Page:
British physicist Peter Higgs believes a so-called "God particle" will be found soon when a vast particle collider at the CERN center begins operating fully early next year. Higgs theory offers an explanation why mass disappears as matter is broken down to its smallest parts - molecules, atoms and quarks. The physicists postulated that matter was weightless at the exact moment of the Big Bang and then much of it promptly gained mass due to a field which stuck to particles as they passed through it and made them heavy.
British physicist Peter Higgs said on Monday it should soon be possible to prove the existence of a force which gives mass to the universe and makes life possible -- as he first argued 40 years ago.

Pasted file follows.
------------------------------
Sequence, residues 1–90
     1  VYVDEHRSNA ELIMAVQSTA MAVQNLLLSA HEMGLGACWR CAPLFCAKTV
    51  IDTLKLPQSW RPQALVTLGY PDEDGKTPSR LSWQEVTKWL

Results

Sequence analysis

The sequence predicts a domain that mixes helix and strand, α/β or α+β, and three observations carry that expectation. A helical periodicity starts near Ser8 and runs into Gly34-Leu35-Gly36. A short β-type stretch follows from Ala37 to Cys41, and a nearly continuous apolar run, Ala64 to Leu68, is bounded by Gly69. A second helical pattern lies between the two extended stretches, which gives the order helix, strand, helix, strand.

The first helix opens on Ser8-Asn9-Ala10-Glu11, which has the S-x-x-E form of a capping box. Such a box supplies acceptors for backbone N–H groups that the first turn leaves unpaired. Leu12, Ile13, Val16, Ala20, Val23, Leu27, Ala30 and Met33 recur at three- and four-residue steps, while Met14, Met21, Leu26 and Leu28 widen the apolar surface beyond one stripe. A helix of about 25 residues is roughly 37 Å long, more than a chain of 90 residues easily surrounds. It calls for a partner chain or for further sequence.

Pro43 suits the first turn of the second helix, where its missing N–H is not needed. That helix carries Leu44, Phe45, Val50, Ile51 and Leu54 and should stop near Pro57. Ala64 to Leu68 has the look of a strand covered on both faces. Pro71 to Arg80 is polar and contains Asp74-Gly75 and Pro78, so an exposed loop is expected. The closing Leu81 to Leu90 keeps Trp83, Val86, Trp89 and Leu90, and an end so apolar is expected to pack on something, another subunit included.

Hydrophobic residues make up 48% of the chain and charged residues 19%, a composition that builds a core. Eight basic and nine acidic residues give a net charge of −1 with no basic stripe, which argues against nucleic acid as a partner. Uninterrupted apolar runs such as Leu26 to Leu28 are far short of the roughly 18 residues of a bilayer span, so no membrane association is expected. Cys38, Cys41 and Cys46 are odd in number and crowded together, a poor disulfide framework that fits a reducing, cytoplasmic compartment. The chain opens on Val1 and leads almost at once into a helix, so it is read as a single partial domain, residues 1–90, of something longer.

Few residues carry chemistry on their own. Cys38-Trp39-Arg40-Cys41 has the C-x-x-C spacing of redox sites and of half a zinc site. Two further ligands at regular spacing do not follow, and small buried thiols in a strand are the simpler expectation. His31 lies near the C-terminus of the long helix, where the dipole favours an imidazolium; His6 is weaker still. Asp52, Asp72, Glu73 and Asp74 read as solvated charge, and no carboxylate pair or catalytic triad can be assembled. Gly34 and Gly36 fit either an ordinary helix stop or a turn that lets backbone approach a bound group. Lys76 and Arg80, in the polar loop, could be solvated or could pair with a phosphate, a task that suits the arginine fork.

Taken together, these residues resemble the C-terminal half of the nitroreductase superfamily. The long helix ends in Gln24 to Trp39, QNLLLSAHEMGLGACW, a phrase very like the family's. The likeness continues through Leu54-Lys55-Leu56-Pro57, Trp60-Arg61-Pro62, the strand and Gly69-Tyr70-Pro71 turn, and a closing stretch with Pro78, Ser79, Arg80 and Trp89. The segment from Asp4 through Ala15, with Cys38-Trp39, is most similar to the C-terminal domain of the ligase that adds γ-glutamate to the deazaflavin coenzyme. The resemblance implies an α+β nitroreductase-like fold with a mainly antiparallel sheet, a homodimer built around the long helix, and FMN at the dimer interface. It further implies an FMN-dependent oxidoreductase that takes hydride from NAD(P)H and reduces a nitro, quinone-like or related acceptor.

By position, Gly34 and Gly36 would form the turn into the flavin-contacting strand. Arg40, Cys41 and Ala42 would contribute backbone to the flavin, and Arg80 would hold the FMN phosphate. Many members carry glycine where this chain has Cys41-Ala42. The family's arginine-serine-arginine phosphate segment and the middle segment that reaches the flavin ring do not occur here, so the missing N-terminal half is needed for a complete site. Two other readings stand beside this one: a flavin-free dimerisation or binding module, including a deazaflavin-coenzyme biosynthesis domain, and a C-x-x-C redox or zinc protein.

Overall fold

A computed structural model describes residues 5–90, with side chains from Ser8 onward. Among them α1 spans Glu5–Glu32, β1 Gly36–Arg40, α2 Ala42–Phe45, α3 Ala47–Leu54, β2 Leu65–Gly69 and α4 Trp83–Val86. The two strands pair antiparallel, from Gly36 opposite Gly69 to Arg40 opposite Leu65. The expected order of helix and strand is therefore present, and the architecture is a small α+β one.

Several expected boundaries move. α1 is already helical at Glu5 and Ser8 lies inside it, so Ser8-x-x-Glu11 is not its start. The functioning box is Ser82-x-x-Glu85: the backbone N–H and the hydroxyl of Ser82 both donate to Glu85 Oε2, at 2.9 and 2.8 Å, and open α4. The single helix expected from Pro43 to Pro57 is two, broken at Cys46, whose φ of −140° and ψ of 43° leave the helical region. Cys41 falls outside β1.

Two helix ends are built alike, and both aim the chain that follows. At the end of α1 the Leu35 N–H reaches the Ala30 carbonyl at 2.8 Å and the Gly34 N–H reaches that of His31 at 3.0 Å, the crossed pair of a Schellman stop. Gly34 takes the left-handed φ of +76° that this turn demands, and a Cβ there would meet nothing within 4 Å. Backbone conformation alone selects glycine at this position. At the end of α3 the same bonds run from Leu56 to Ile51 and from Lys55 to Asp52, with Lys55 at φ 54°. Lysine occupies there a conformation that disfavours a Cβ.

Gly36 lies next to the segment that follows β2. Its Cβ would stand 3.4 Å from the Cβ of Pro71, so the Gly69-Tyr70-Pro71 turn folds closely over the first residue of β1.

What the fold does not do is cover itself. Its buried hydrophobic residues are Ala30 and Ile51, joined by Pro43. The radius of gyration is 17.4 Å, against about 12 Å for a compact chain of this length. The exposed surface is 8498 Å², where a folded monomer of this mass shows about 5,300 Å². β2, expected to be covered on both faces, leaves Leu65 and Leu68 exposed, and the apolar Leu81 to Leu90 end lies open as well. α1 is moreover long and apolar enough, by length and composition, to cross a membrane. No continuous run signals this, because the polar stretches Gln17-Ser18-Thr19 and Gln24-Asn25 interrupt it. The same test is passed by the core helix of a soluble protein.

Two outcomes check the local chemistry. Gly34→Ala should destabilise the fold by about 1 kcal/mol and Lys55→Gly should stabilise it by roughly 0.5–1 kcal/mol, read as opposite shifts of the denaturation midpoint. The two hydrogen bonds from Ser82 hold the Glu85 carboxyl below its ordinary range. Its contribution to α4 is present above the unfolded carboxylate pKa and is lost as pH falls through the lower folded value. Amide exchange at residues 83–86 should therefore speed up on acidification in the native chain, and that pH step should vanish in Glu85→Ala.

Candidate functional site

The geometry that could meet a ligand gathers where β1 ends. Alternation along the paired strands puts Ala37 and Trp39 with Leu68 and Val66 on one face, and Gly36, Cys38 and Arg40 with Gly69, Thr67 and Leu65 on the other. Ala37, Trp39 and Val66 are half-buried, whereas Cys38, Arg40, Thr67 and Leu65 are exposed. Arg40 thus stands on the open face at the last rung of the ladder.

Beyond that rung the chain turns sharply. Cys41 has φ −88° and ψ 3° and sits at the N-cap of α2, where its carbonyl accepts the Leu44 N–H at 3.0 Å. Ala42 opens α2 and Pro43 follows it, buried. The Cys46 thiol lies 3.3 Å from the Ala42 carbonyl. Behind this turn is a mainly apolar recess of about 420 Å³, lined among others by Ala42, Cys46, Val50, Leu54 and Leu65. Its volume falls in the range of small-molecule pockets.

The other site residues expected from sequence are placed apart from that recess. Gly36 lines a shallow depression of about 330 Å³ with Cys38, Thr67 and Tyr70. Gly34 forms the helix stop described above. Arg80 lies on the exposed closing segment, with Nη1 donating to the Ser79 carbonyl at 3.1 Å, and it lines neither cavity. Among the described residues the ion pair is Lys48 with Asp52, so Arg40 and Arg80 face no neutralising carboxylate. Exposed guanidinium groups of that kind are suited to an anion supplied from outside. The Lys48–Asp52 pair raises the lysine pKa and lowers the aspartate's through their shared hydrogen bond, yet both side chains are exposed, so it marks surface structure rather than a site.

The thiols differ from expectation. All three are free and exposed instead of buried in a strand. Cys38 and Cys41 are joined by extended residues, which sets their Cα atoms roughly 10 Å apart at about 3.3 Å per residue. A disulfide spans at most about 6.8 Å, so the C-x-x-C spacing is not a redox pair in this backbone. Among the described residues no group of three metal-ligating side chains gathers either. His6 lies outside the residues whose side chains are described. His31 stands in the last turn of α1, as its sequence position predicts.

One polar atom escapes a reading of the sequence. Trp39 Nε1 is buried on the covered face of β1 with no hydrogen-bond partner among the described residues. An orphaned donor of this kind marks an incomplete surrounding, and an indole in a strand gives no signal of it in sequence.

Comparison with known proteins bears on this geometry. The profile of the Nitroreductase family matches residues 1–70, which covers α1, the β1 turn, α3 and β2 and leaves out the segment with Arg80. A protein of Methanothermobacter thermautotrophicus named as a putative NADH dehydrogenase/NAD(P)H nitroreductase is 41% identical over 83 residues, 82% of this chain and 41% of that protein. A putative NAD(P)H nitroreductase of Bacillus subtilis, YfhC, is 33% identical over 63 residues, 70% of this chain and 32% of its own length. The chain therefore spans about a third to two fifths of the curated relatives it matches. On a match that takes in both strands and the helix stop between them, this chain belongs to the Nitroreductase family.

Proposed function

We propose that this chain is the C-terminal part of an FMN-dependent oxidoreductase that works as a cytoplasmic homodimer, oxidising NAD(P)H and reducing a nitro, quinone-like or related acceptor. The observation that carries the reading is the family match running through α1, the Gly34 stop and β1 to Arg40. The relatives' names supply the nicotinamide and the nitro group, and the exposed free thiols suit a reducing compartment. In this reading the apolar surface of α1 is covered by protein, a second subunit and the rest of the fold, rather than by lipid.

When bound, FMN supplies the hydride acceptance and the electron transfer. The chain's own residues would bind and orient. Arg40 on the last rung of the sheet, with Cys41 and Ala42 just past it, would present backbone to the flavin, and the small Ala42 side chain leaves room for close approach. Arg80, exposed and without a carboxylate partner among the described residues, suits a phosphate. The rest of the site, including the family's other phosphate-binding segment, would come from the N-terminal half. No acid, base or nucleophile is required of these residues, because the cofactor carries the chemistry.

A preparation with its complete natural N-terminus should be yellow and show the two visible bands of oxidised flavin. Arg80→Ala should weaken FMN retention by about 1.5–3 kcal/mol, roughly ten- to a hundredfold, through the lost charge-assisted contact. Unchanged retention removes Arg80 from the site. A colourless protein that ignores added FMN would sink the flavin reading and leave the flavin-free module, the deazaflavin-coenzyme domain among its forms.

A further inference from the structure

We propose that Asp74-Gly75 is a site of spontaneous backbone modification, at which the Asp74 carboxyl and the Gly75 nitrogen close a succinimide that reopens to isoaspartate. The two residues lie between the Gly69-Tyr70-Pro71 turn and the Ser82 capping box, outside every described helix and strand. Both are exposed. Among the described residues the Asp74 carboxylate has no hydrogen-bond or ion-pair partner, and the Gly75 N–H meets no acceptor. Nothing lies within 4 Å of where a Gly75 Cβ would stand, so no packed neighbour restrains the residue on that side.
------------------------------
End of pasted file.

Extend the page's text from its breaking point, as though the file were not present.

Higgs said he believes a particle named the "Higgs boson", which originates from the force, will be found when a vast particle collider at the CERN research centre on the Franco-Swiss border begins operating fully early next year.
"The likelihood is that the particle will show up pretty quickly ... I'm more than 90 percent certain that it will," Higgs told journalists.
The 78-year-old's original efforts in the early 1960s to explain why the force, dubbed the Higgs field, must exist were dismissed at CERN, the European Organization for Nuclear Research.
Today, the existence of the invisible field is widely accepted by scientists, who believe it came into being milliseconds after the Big Bang created the universe some 15 billion years ago.